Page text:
Patricia O’Kane-Trombley woke up Monday with a bad cold and, as she said, “put life on hold.” That meant no answering the phone.

But why, she wondered, did the people from Dover Air Force Base keep calling?

When she finally returned their call Tuesday morning, they had disturbing news. A bag with a 4-inch piece of flesh had gone missing from Dover’s mortuary, which handles the remains of the fallen from Iraq and Afghanistan.

The missing flesh could have belonged to her son, Air Force Capt. Thomas J. Gramith or his friend, Capt. Mark R. McDowell. Both men were killed in July, 2009 when their F-15E fighter jet crashed in Afghanistan. The mortuary wasn’t sure. But what they did know was that the plastic bag that was supposed to contain it was empty.

The missing flesh was part of a series of problems that federal investigators uncovered at the Dover mortuary after whistleblowers reported that remains were being mishandled and that there were not enough safeguards in place to prevent mishaps. Family members and members of Congress reacted angrily to the news and have called for further investigation.

If she had heard the news in the days immediately following her son’s death, O’Kane-Trombley “might have screamed and yelled at them.” But she’s made peace with her son’s death and life.

“A lot of me is full with intense pride for both [airmen] for what they accomplished in their short lives,” she said by phone from her home in Colorado Springs. “I don’t like mix-ups. Don’t get me wrong.”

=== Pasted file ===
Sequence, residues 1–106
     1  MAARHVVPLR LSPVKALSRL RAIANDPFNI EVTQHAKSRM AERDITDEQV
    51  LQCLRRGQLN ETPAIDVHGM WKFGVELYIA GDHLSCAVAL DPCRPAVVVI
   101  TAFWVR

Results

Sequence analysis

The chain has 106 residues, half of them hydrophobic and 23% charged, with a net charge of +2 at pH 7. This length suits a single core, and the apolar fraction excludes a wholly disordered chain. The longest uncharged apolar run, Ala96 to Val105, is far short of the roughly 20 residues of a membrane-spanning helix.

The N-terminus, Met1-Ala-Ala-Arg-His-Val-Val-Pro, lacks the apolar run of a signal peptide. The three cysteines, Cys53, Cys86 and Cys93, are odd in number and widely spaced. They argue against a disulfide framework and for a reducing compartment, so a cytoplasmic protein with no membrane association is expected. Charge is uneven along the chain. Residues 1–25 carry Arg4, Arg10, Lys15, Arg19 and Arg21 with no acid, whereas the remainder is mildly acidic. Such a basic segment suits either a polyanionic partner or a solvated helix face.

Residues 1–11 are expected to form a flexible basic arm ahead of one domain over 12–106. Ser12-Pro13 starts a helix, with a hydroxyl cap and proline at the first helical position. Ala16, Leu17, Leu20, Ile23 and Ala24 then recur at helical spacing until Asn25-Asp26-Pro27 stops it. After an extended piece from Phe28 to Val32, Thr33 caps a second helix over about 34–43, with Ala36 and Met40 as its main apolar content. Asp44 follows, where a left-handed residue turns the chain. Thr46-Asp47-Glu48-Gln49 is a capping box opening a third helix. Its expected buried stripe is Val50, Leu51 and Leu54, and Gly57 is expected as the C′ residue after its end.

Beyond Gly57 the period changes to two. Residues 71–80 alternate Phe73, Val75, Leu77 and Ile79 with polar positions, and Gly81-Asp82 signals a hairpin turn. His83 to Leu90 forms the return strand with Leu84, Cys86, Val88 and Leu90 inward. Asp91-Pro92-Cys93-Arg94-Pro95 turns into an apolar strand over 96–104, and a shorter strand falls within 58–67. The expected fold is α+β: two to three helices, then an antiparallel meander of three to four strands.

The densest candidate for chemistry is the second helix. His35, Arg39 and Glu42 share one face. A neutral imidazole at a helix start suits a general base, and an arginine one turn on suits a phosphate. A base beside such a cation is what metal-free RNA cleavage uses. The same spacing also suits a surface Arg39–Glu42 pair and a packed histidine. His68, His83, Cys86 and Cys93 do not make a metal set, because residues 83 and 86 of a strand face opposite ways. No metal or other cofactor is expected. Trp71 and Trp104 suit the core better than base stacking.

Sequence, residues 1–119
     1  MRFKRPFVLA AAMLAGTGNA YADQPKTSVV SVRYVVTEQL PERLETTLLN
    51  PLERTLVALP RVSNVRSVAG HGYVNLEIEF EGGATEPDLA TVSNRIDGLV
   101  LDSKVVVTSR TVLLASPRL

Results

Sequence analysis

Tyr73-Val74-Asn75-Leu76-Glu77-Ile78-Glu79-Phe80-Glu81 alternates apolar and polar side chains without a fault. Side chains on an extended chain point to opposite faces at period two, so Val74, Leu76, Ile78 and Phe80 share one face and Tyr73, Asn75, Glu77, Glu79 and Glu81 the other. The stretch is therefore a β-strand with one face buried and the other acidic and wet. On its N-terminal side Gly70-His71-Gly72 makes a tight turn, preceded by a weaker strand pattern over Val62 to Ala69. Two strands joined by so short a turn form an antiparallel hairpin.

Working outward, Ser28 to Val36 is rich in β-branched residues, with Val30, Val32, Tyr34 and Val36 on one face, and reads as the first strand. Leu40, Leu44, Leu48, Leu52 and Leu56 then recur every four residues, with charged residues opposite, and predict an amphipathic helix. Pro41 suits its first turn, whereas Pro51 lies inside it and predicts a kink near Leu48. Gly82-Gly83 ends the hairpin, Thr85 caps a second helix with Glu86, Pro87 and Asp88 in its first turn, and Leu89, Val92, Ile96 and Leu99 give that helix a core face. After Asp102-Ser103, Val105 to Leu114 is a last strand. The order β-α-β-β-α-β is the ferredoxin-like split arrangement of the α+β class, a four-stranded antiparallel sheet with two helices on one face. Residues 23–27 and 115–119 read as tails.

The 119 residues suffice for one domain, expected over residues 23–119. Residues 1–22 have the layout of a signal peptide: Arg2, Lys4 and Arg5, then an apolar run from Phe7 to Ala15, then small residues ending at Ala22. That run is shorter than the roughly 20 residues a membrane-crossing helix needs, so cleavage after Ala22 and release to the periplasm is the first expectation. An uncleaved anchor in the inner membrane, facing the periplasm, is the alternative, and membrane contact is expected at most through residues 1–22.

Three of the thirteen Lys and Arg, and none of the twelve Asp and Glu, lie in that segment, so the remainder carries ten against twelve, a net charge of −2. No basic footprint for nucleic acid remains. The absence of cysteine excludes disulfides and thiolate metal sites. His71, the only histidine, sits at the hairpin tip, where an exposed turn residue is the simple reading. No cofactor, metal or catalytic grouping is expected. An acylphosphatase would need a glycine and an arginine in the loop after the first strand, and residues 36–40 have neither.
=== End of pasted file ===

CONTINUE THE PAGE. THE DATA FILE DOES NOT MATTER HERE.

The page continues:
Stan McDowell, Mark McDowell’s father, got the call on Saturday.

“They were very apologetic, and it was all heartfelt,” he said. “We know Mark was a Christian, and that he’s in heaven. So we look at it like — ok, so maybe there are some remains that did not end up in his burial site. Or maybe it did. Or maybe it ended up in Thomas’ location. That’s not really a concern to us. And the reason is: we know Mark is separated from his body, and that he’s in heaven.”

The two men are buried together, with a shared headstone, at Arlington National Cemetery. Initially, Gramith, who was 27, was buried in Minnesota, where he grew up, his mother said. A few months after their deaths, the military contacted the families and said they had recovered additional remains but, given the nature of the crash, they could not tell which belonged to Gramith and which were McDowell.

Gramith was then moved from Minnesota to Arlington where he was buried alongside McDowell, 26, who grew up outside of Charlotte, N.C. and the additional remains.

Both families said they were assured by the Air Force’s promises to ensure that something like this never happens again.

That would be the thing Gramith would focus on, his mother said: “If Tom were here he’d say, ‘What can we do to make this better?’”

Staff researcher Magda Jean-Louis contributed to this report.